New research from the City Watchdog shows the financially savvy are as vulnerable as anyone else to pension-focused scams.
New research from the Financial Conduct Authority and The Pension Regulator suggests that 42% of people investing for retirement – amounting to five million people across the UK – are at risk of being conned out of their pension by scammers using a range of tactics.
Alarmingly for Money Observer readers, the research shows that those who consider themselves to be financially astute are just as likely to lose money to these schemes.
Kate Smith, head of pensions at Aegon, comments: “This is a fresh warning that no one is immune from scammers. There’s no point dismissing this as an issue that only happens to other people, being duped by pension scammers can happen to anyone.”
Particularly at risk are retirees who are actively looking to enhance their retirement income, with the chance of being ripped off rising to 60%.
Among the most dangerous common scams are offers of exotic investment opportunities promising high returns. These include overseas property developments, renewable energy bonds, storage units and biofuels.
Almost a quarter (23%) of 45-65 year olds with pensions said they would be interested in such an offer, despite the high risks attached to this kind of investment.
A similar number said they would engage with a cold call from a company wanting to discuss their pension plan – even though pension cold-calling was banned earlier this year after years of delay. Moreover, 17% said they’d be keen to talk to a caller offering early access to their pension pot, a move that could all too easily leave them with an unexpected tax bill.
Other tricks successfully used include the offer of guaranteed high pension returns (13% of respondents said they would follow it up), free pension reviews (10%) and time-limited offers (7%).
As Quilter head of retirement Jon Greer warns: “Spotting a pension scam can be tricky, and it is absolutely critical for savers to have their guard up when approached with an offer to move their pension to a new scheme, transfer into unusual assets promising outlandish returns, or take advantage of a scheme offering early access.”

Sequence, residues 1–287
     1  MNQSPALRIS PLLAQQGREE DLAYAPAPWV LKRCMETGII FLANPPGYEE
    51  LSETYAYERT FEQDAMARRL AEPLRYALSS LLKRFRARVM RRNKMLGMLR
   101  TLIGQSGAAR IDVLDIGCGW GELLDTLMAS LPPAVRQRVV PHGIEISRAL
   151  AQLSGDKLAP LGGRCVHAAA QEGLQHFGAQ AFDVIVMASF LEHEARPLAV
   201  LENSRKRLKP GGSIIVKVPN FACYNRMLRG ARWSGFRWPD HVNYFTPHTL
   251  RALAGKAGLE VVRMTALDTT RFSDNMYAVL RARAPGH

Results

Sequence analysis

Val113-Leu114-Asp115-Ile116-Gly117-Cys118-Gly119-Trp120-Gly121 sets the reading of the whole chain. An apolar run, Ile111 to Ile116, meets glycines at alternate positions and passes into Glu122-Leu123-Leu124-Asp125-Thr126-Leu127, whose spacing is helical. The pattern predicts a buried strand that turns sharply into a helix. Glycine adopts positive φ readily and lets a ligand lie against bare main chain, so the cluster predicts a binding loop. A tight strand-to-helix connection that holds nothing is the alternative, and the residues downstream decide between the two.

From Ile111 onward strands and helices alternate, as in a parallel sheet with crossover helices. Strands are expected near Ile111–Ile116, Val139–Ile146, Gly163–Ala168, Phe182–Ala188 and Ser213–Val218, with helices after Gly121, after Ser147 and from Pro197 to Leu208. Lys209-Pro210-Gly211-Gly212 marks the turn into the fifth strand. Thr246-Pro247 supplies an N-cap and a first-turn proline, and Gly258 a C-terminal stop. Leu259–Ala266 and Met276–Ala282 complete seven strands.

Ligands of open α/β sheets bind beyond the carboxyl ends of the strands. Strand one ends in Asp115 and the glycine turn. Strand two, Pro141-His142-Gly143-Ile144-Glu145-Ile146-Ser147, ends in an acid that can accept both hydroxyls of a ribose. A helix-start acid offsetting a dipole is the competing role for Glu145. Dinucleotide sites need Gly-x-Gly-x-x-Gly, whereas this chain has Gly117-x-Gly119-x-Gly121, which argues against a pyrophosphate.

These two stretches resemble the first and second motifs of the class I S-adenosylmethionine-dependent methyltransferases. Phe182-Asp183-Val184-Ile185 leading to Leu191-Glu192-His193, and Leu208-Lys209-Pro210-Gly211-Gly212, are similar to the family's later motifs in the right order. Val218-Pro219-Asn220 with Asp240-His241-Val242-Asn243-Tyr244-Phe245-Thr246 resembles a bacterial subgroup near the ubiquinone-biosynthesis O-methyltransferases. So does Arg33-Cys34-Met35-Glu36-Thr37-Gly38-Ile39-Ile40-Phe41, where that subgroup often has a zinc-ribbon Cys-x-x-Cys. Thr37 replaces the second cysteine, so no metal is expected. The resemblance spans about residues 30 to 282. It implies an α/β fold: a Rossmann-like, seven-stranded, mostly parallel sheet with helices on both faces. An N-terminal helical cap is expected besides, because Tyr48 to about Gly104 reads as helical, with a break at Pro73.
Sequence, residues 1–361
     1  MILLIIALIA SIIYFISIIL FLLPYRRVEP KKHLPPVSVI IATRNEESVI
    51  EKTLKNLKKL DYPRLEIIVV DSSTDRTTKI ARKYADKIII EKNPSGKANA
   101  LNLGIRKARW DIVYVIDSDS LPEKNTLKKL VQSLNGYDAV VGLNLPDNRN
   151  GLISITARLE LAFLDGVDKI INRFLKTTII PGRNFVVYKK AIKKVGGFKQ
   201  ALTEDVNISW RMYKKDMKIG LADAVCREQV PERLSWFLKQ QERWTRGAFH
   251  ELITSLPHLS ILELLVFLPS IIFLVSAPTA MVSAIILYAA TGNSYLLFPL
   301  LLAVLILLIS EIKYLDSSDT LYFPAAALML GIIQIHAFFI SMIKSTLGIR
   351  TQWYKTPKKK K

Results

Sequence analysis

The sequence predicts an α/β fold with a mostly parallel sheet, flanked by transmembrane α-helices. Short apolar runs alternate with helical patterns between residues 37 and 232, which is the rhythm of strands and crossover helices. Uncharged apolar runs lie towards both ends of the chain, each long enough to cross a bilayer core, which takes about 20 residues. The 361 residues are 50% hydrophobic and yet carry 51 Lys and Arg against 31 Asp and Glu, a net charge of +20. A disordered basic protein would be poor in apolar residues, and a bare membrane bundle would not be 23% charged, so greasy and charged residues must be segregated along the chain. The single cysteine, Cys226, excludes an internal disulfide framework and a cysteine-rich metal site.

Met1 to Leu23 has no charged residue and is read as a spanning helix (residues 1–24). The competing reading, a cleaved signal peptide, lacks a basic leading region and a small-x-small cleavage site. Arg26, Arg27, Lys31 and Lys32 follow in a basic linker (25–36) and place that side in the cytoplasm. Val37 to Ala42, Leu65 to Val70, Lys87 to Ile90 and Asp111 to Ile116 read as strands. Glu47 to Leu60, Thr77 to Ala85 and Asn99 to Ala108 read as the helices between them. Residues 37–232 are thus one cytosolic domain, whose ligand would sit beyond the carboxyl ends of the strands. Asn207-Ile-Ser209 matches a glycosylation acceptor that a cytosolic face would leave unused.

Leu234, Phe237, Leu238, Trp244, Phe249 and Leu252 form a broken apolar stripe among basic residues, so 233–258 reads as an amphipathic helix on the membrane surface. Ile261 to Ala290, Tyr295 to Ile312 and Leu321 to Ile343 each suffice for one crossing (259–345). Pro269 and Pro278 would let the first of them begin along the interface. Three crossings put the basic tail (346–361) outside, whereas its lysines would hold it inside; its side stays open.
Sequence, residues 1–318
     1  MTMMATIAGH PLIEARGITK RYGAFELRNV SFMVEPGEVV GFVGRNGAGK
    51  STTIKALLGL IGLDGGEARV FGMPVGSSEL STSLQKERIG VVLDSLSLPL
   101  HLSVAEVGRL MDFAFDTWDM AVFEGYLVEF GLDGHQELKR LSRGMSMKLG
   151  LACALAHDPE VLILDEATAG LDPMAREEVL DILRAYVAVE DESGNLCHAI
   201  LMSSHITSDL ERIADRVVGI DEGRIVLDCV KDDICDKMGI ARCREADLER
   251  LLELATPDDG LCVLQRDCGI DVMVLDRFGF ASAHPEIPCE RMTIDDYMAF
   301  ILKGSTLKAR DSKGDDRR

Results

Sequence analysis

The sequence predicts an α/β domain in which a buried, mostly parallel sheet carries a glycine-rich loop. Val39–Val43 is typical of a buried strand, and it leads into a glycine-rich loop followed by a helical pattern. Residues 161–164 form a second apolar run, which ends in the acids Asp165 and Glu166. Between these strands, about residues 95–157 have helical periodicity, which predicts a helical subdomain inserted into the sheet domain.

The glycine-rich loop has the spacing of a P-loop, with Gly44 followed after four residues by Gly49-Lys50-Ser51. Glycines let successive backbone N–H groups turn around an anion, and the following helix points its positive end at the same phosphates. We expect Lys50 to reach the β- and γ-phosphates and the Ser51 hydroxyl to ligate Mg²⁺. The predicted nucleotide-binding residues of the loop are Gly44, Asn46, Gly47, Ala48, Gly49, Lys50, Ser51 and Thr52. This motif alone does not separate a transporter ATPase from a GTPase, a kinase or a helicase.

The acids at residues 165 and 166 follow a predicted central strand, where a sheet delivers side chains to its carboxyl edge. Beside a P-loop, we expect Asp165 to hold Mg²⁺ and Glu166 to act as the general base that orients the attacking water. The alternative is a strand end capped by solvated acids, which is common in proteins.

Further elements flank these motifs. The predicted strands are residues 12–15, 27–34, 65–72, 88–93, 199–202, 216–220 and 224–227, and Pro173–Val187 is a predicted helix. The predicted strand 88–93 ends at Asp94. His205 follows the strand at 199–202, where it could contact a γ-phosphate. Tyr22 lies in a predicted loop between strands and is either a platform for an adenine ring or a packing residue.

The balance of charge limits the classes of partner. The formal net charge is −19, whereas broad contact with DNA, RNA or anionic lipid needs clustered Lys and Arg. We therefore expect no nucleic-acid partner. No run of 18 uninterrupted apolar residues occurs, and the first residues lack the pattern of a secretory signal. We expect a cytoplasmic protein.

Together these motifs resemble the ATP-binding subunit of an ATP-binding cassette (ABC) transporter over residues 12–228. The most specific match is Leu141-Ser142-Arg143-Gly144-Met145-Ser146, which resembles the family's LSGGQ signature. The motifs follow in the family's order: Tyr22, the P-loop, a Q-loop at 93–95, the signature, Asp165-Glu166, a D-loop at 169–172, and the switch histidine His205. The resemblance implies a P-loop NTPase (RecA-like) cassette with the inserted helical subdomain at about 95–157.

However, there are various precautions to take if you are approached by anyone offering such a scheme.
- Think rationally: if a proposal sounds too good to be true, it almost certainly is. “Any scheme promising bumper returns is to be treated with caution,” warns Greer.
- Check the credentials of any company wanting you to change your pension arrangments on the FCA Register https://register.fca.org.uk/ or call the FCA contact centre on 0800 111 6768 to see whether it is authorised by the FCA.
- Check also the FCA ScamSmart website, which lists schemes already identified as potential scams, but don’t assume if it’s not on that list that a scheme is above-board.
- Don’t be rushed or pressured into any decision regarding your pension.
- Greer recommends contacting an independent financial adviser or the Pensions Advisory Service about any major change to your pension plans. “They will help guide you and, most importantly, will be able to point out when something looks too good to be true.”
- If you are contacted out of the blue then be particularly cautious – remember, cold-calling has been banned by the government. “If you do get a call you’re unsure about, the safest thing to do is put the phone down,” says Greer.
- Test how well your scam antennae are working by taking the FCA’s new scam quiz here.